The court will hear further closing submissions in the morning, before the coroner begins giving his conclusions.

Lizzie Dearden3 October 2018 09:19
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Representatives of the victims' families started making submissions to the coroner yesterday. They urged the coroner to make a report on the circumstances of the case to “protect the public” and called for changes to the way MI5 starts and stops investigations into potential terrorists.

A lawyer representing PC Palmer's wife said there was “a systematic failure” in protecting unarmed officers on guard at the Palace of Westminster.

Lizzie Dearden3 October 2018 09:21
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Lizzie Dearden3 October 2018 09:21
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The inquests are currently hearing closing submissions from interested parties, after which the coroner will start delivering his conclusions.

Lizzie Dearden3 October 2018 10:49
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Hugo Keith, a lawyer representing the Metropolitan Police, has been arguing against claims by the family of PC Keith Palmer that having armed officers stationed at Carriage Gates could have saved his life

Citing evidence given by firearms officers, he said that even if they had been on Carriage Gates at the time of the attack, they would have run towards the site where Khalid Masood crashed his car and left it unguarded.

Lizzie Dearden3 October 2018 10:50
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The noise made by the vehicle crashing into a low wall and railings surrounding the Houses of Parliament sparked initial reports of an explosion, and officers at Parliament were unaware that victims had been run over on Westminster Bridge.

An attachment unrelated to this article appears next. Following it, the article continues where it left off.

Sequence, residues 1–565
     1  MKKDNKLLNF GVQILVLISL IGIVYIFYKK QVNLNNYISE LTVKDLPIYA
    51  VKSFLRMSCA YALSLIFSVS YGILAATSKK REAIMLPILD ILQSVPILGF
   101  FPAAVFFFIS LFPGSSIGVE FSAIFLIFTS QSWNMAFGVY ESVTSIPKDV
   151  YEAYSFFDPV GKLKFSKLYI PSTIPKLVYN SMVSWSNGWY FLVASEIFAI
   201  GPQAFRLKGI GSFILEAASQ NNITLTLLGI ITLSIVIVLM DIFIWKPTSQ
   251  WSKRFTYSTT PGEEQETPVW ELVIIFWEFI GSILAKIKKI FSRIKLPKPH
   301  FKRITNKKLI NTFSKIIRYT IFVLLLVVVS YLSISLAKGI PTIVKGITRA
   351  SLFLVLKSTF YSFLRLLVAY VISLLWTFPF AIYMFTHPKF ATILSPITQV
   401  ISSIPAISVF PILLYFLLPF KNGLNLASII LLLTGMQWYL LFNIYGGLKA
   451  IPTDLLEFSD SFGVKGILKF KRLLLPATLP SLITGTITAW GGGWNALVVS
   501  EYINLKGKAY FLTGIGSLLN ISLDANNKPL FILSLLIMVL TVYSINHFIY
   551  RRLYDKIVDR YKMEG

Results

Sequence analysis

Mr Keith argued that even if armed officers remained at Carriage Gates, they may not have been able to take a safe shot at Masood as he ran through members of the public at speed.

Lizzie Dearden3 October 2018 10:52
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He says it is "not arguable that there was a breach of article 2" of the European Convention on Human Rights,

The article covers the “right to life” and where it is triggered following a death, a broader inquiry into the death occurs that specifically considers state and statutory negligence

Lizzie Dearden3 October 2018 10:55
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Mr Keith argues that the fact the Westminster inquests have not been designated under article 2 "had made no difference to the format, scope and rigorousness" of the process

Lizzie Dearden3 October 2018 10:56
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But counsel to the inquest Jonathan Hough QC does not accept his argument. He says that Carriage Gates had been identified as a weak point in the parliamentary perimiter by security reviews, and that the estate contains "thousands of people...including very important figures who make an attractive target for terrorists"

He says the systems for police changing post were "arguably deficient", leaving officers unaware of their instructions. "We also see that the system could be improved"

Lizzie Dearden3 October 2018 10:58
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Mr Hough says: "It cannot be that it is unarguable that there was a means of ensuring that almost all of the time officers in this critical place were complying with their instructions."

He says the question is "whether it is arguable that a systemic breach deprived PC Palmer of a real and substantial chance of survival"

Lizzie Dearden3 October 2018 10:58